Getty Images

PyeongChang late night recap

Leave a comment

Plenty of happenings occurred around the Olympic grounds in the late hours on Saturday and into Sunday morning. Most notably, the American women’s ice hockey team got off the mark to their competition, edging Finland in Group A play.

Elsewhere, American athletes have been setting themselves up for a chance at Olympic glory. Chris Mazdzer currently sits in second in the luge competition with one final run to go, whilst Morgan Schild leads a field of three American women into the women’s individual moguls final.

Women’s Ice Hockey: USA holds of Finland 3-1

Canada, Finland, and the USA were all pegged as medal contenders entering the Olympics. But these three teams find themselves in the same group, and only two could advance.

The USA placed tremendous pressure on Finland in the first period and were on the front foot for much of the opening 20 minutes, yet it was Finnish starlet Jenni Hiirikoski who struck in the closing seconds of the period. The Americans piled on even more pressure against the Finns in the second period and forced Finland to put too many defenders near their net, giving Monique Lameroux-Moranda enough space to beat GK Noora Raty.

Kendall Coyne gave the U.S. the go-ahead goal just a few minutes later, capitalizing on a power play.

 

Luge: Mazdzer in contention for U.S. medal 

American Chris Mazdzer placed himself in prime position to be the first American individuals luge Olympic medalist. Finishing at the top of the class on Run 3 with a time of 47.534 seconds, Mazdzer is only looking up to Germany’s Felix Loch in the podium. The German is poised to win his third straight Olympic gold medal.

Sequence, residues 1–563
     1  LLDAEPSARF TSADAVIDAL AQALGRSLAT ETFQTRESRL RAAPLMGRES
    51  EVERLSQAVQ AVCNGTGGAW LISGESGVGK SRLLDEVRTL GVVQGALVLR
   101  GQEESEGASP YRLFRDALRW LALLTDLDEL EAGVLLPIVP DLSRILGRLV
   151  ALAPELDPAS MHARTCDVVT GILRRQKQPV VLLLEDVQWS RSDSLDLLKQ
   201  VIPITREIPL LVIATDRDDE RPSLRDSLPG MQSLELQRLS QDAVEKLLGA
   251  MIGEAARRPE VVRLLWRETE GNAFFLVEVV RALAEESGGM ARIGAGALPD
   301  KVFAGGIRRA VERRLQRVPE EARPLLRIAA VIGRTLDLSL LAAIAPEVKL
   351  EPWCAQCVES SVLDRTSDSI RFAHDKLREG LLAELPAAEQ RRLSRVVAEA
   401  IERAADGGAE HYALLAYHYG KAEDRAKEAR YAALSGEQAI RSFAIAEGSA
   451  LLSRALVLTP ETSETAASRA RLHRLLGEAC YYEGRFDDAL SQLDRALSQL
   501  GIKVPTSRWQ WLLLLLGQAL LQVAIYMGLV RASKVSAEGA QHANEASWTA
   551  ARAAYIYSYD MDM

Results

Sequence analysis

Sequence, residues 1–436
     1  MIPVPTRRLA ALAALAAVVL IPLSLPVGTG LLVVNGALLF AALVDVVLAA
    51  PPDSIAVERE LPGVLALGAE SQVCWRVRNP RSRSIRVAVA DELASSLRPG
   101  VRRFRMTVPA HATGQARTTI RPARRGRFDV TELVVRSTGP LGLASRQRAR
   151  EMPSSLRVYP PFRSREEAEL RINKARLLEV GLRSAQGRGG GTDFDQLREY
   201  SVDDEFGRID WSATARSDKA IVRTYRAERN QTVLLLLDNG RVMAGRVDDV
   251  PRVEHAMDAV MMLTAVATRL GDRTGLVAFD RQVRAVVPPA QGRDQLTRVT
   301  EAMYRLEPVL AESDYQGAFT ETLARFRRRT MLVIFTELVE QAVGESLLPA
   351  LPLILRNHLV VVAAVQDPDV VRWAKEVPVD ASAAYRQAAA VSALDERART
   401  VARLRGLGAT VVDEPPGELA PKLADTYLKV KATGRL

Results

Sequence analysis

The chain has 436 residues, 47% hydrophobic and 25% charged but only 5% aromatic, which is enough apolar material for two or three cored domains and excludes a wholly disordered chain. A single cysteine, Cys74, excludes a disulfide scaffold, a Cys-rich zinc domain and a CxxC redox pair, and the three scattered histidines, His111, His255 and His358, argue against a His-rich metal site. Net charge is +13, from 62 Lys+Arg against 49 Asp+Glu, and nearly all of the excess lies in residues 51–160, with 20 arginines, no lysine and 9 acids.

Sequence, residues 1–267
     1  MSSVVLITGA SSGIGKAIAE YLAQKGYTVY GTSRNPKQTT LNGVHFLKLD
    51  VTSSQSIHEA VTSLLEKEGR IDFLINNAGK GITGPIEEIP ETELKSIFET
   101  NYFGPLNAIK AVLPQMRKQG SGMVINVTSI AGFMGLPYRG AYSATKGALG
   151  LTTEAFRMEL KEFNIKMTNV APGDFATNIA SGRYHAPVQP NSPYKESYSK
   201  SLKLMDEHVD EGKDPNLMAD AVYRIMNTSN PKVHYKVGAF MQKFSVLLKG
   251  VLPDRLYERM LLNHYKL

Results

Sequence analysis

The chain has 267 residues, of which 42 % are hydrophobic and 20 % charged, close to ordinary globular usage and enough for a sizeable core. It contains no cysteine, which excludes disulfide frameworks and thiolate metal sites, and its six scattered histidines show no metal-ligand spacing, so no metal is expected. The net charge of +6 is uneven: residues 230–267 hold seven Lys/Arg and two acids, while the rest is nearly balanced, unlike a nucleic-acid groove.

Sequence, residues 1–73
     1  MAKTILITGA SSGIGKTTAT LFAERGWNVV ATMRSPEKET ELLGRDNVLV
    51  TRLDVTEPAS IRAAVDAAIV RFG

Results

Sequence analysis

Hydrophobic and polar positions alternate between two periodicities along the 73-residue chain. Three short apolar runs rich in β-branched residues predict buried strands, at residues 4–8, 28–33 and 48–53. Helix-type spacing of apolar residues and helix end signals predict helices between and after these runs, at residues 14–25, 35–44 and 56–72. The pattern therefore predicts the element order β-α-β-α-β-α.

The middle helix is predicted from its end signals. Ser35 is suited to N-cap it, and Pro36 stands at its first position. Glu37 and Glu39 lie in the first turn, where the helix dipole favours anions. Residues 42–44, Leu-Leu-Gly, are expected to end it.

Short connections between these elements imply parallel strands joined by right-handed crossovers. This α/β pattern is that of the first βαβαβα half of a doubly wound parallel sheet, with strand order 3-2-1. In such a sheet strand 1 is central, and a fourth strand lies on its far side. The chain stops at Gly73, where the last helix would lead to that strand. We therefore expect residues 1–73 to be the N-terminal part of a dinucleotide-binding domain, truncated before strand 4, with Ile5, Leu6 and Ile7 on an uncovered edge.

NBCOlympics.com: Chris Mazdzer sets course record on Run 3 to move into 2nd

Freestyle Skiing: Johnson joins Schild in finals 

Tess Johnson has joined American teammate Morgan Schild in the finals of the women’s individual moguls, finishing first in her heat with a score of 75.33. Sochi silver medalist Chloe Dufour-Lapointe, a medal contender again for 2018, barely scraped through in the heat after two disappointing runs. Still, enough time to potentially regroup for the final.

Cross Country Skiing: Norway sweep men’s 30km Skiathlon

A strong team effort saw Norway sweep the podium in the men’s 30km skiathlon. Simen Hegstad Kreuger overcame a spill at the start of the race to win his first Olympic gold medal in 1:16:20. A late surge by the Norwegian saw him set the tone for a decisive second half of the race, winning by eight seconds. His compatriots Martin Johnsrud Sundby and Hans Christer Holund won silver and bronze, respectively.

Speed Skating: Sven Kramer sets new OR record in Men’s 5,000m

Dutch speedster Sven Kramer won gold in the Men’s 5,000m event with an Olympic-record time of 6:09.76. Ted-Jan Bloeman of Canada and Norway’s Sverre Lunde Pedersen picked up the silver and bronze, respectively.